Photograph by Judy Drew Fairchild
The abundance and diversity of wildlife on Dewees Island are a testament to its philosophy of environmental preservation. Raccoons, a variety of turtles, alligators, otters, minks, deer, frogs and birds (from anhingas to wrens and just about everything in between), all thrive on the island. In the surrounding ocean, on the beach and in the tidal pools, there are shells and animals rarely found on islands that are more densely populated with people.
I was fortunate to have South Carolina master naturalist and Dewees Island resident Judy Drew Fairchild as my guide the day I visited, and there was a new wonder to discuss with every step we took. I was told (and don’t remember) the name and several facts about every butterfly, bird, flower, mammal, sea creature, shell, tree, turtle and insect I could point to. I even ate a leaf of the Hercules club tree (also called a toothache tree) because I was told that if you chew a leaf, your mouth will become numb. Who can resist that challenge? And it worked, as effectively as anything from a drug store.
We passed cormorants, loons, egrets, herons and a pair of bald eagles that had nested on an osprey pole close to the edge of the marsh. I didn’t need a lens or binoculars to see them clearly, which is certainly the closest I have ever been to a bald eagle. And although, according to Fairchild, eagles on the Eastern Seaboard rarely take over osprey poles, this particular couple had nested in that spot for several years.
How it Works
No bridge. No cars. No stores on the island. It’s undoubtedly peaceful. But what happens if there is a fire or medical emergency? And how do common household occurrences such as appliance delivery, repairs, garbage pick-up and moving day take place?
Emergency situations are solved by the presence of a Public Safety Department, which includes a fire department with a full-time fire chief who lives on the island with his wife. There is also a first responder on duty each night who stays in an apartment at the firehouse. A helicopter landing pad permits easy transport to area hospitals, and for injuries or illnesses that don’t merit air delivery, the island keeps an emergency boat. The water system, a state-of-the-art sewage system and solid waste and recycling are all taken care of by the Dewees Utility Corporation.
There are a few construction trucks left parked at the Public Works Department that may be rented by builders, as well as vehicles owned by contractors such as SCE&G to use when they need to work on Dewees. And there is a pick-up truck owned by the Property Owners’ Association that may be rented to move large items, such as furniture and appliances, from the dock to a home.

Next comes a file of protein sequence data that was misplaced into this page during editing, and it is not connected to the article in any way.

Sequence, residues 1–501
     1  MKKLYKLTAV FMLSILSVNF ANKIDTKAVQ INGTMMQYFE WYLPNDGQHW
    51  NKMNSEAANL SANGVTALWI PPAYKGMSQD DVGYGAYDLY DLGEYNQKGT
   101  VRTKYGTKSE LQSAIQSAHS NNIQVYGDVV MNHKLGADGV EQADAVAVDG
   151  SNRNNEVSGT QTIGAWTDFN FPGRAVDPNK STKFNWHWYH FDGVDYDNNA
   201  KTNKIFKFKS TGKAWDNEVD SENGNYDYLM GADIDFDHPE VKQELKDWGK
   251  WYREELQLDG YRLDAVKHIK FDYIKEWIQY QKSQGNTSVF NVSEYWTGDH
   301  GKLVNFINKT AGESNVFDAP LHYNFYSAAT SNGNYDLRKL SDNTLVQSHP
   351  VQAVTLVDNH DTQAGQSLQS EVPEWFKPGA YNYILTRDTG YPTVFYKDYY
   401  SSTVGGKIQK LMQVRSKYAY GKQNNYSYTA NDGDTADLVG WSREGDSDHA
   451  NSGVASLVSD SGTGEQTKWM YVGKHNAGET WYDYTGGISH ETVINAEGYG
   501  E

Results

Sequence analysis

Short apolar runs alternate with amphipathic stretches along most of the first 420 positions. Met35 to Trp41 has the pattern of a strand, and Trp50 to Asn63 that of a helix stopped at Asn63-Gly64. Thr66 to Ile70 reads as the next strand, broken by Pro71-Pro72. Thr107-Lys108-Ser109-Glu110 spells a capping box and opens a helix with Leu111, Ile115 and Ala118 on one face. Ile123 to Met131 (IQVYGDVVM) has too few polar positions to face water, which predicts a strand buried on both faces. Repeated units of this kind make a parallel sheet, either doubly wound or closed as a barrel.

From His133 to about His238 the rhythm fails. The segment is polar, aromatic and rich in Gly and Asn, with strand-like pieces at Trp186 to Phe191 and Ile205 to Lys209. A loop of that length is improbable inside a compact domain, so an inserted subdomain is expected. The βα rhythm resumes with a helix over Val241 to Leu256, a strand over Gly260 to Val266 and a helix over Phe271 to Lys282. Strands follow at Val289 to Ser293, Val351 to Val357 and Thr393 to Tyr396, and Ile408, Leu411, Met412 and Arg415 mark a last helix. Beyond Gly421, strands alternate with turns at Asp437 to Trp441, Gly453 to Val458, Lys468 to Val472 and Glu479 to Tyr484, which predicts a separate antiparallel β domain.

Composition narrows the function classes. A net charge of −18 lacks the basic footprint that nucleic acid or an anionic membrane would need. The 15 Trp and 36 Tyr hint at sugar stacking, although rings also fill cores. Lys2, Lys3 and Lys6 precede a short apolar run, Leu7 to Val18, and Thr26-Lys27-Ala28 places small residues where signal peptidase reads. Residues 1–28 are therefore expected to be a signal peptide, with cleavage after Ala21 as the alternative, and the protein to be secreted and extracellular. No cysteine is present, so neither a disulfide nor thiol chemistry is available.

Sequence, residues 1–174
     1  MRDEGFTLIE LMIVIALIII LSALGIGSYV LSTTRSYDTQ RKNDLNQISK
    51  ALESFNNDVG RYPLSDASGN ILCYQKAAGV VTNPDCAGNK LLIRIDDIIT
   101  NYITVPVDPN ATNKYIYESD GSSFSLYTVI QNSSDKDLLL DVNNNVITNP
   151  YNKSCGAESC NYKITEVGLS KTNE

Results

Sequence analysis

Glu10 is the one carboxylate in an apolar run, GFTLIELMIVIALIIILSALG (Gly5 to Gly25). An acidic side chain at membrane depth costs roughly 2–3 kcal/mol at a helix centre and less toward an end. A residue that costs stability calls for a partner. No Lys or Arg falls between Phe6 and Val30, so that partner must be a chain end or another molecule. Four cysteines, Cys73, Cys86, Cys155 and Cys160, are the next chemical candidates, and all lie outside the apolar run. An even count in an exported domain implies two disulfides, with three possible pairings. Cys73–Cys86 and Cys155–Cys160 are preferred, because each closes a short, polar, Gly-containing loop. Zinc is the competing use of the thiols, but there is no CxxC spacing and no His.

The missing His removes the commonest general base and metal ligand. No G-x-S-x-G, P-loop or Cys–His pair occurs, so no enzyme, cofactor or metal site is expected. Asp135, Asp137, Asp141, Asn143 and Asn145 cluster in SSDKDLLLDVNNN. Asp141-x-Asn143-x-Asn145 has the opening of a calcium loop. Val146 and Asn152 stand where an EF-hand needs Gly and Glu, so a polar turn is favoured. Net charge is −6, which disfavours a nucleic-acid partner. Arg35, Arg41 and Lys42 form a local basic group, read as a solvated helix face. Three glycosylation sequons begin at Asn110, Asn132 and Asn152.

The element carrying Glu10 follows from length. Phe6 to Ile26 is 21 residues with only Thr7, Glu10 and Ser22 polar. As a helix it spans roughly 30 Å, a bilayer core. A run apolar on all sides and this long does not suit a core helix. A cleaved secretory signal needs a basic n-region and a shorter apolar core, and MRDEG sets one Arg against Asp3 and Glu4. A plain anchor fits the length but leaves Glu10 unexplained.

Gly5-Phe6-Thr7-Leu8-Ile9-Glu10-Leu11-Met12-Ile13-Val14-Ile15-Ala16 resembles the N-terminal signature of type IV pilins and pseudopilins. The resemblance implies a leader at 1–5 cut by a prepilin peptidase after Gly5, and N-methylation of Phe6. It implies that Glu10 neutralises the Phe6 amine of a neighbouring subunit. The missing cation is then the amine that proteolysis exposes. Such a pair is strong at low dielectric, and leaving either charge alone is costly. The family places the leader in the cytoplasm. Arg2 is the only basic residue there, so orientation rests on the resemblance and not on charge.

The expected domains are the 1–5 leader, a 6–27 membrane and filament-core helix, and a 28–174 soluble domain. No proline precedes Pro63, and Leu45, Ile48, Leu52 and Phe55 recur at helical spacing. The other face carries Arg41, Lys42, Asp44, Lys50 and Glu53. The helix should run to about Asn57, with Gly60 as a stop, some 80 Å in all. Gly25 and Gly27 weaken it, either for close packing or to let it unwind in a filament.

If an item fits, it can be transported to the island via the ferry with some advance notice. For larger deliveries, including construction materials, golf carts, refrigerators and even full moving vans, there is a barge. The barge is also used to remove the garbage dumpsters and recycle bins. So while it may take a bit more planning, there is really nothing on Dewees that can’t be accomplished much as it is on islands accessible by bridges or the mainland.
Living on a secluded island is not for everyone. Organization is key, as is a relaxed attitude. Residents and visitors need to be able to plan ahead, compose great lists, yet be able to make do and move forward if they realize they’re out of soy sauce in the middle of cooking a favorite stir-fry.
As Fairchild put it, “It’s laid-back punctuated by moments of chaos.” The example she gave was a day she planned to stop by Whole Foods in Mt. Pleasant for two things, only to find it was the grand opening of the store’s renovations. The crowds were much larger than usual, and by the time she checked out and got to the ferry, she had missed it by 30 seconds.
Planning and the potential for “chaos” also means getting up in time for the 6:30 a.m. ferry for families with school-age children. School buses meet the ferry for the final trek to local schools and drop them off at the ferry dock after school. But an additional 20 minutes in the morning can mean the difference between finding where last night’s homework is hiding and going to school without it.
Shopping trips, doctor’s appointments, even school events need to be planned more carefully and in advance for Dewees residents than for other people. But these minor inconveniences, for the kind of people that flourish here, are completely offset by the positive lifestyle aspects the island offers.